Composite three-dimensional resin particles having a polymer chain of a high crystallinity may be obtained by adding a monomer (IV), a product of an addition reaction of a hydroxyl group-containing monomer with a monoisocyanate compound or a monomer product obtained by addition reaction of an isocyanate group-containing monomer with a monoamine compound. Thus a structural viscosity or a function of rheological controlling may be imparted thereby. In addition, a functional group can be introduced into the linear polymer so as to employ it as a reactive group or to use the characteristics of the functional group as such. As a matter of course, it is possible to select desired monomer(s) from among a number of monomers to thereby fully utilize the characteristics of these monomers.
In order to help understand the present invention, a method for synthesizing the core particles and the linear polymer via a two-stage reaction with the use of a polyfunctional monomer having two unsaturated groups differing in copolymerizability from each other is described above It is easily understood, however, that a polyfunctional monomer having more than two unsaturated groups differing in copolymerizability from each other can also be used and that the reaction may be conducted via more than two stages wherein, for example, linear polymer chains are partially produced and then crosslinkable chains are synthesized followed by forming linear polymer chains again.
To further illustrate the present invention, and not by way of limitation, the following Examples are given.
Unless otherwise indicated, all percents, ratios, parts, etc. are by weight.
A transferable image was formed in the following manner.
First, a solution of the following composition was prepared to thereby give a coating solution for the formation of a peel layer.
______________________________________Alcohol-soluble polyamide 7.2 g(CM-8000, "η" 20° C., in 10% by weight methanolsolution = 23 cps, mfd. by Toray Industries,Inc.)Polyhydroxystyrene 1.8 g(Resin M, average molecular weight: 5500,mfd. by Maruzen Oil Co., Ltd.)Methanol 400 gMethyl cellosolve 100 g______________________________________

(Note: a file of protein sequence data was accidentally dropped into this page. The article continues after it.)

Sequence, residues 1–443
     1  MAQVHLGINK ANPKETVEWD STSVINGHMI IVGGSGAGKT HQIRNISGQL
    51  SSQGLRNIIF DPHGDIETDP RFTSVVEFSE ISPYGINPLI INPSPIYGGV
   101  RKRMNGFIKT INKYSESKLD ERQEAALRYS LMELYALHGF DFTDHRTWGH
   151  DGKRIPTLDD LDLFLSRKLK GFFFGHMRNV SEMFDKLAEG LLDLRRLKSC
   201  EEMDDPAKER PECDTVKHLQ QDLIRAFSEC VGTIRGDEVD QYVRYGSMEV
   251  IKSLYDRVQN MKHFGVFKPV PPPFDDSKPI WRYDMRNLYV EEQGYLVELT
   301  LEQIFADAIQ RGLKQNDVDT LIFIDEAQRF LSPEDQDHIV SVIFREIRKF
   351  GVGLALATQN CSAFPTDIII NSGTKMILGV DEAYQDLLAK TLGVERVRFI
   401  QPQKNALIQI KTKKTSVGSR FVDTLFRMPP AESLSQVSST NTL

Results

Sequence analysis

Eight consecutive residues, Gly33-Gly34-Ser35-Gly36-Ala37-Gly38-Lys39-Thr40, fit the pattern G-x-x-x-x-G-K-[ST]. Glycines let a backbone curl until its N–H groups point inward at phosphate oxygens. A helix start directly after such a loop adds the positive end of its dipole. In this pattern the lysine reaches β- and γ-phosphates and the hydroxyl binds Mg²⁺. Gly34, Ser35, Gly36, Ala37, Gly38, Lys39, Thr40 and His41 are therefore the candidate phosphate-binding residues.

This coating solution was uniformly applied onto a polyethylene terephthalate film (support thickness: 100 μm) and dried to thereby give a peel layer of 0.5 μm in film thickness.
Next, four light-sensitive solutions of yellow (Y), magenta (M), cyan (C) and black (B), each having the composition specified in Table 1, were prepared as coating solutions for the formation of light-sensitive resin layers in order to form a negative (N) to positive (P) type image.
TABLE 1______________________________________ Y M C B (g) (g) (g) (g)______________________________________Benzyl methacrylate/methacrylic 60 60 60 60acid copolymer(molar ratio: 73/27,viscosity η.sup.(1) : 0.12)pentaerythritol 43.2 43.2 43.2 43.2tetraacrylateMichler's ketone 2.4 2.4 2.4 2.42-(o-Chlorophenyl)-4,5-di- 2.5 2.5 2.5 2.5phenyl imidazole dimerSeika First Yellow H-0755 9.4 -- -- --(mfd. by Dainippon Seika Kogyo K.K.)Seika First Carmine 1483 -- 5.2 -- --(mfd. by Dainippon Seika Kogyo K.K.)Cyanine Blue 4820 -- -- 5.6 --(mfd. by Dainippon Seika Kogyo K.K.)Mitsubishi Carbon Black KA-100 -- -- -- 6.6(mfd. by Mitsubishi ChemicalIndustries, Ltd.)Methyl cellosolve acetate 560 560 560 560Methyl ethyl ketone 280 280 280 280______________________________________ Note .sup.(1) The intrinsic viscosity in a methyl ethyl ketone solution at 25° C.
Each of these four light-sensitive solutions was applied to the support carrying the above-mentioned peel layer and dried to thereby give a light-sensitive resin layer of 2.4 μm in dry film thickness.
Separately, a coating solution of the following composition was prepared for the formation of a protective layer. The coating solution thus obtained was applied onto the light-sensitive resin layer of each color to thereby give a protective layer of 1.5 μm in dry film thickness.
______________________________________Polyvinyl alcohol 60 g(GL-05, mfd. by Nippon GoseiKagaku Kogyo K.K.)Water 970 gMethanol 30 g______________________________________
Thus light-sensitive transfer sheets (negative colored light-sensitive sheets) of the four colors, each comprising a support, a peel layer, a light-sensitive resin layer and a protective layer in this order, were prepared.
Each of these light-sensitive transfer sheets was placed on the corresponding mask with register pins and exposed to an ultra-high pressure mercury lamp (2 kW) placed 50 cm apart. The transfer sheet thus exposed was then developed with the use of a developing solution of the following composition at 35° C. for 10 to 20 seconds. Thus four color proofing sheets each having a halftone dot image on the peel layer were obtained.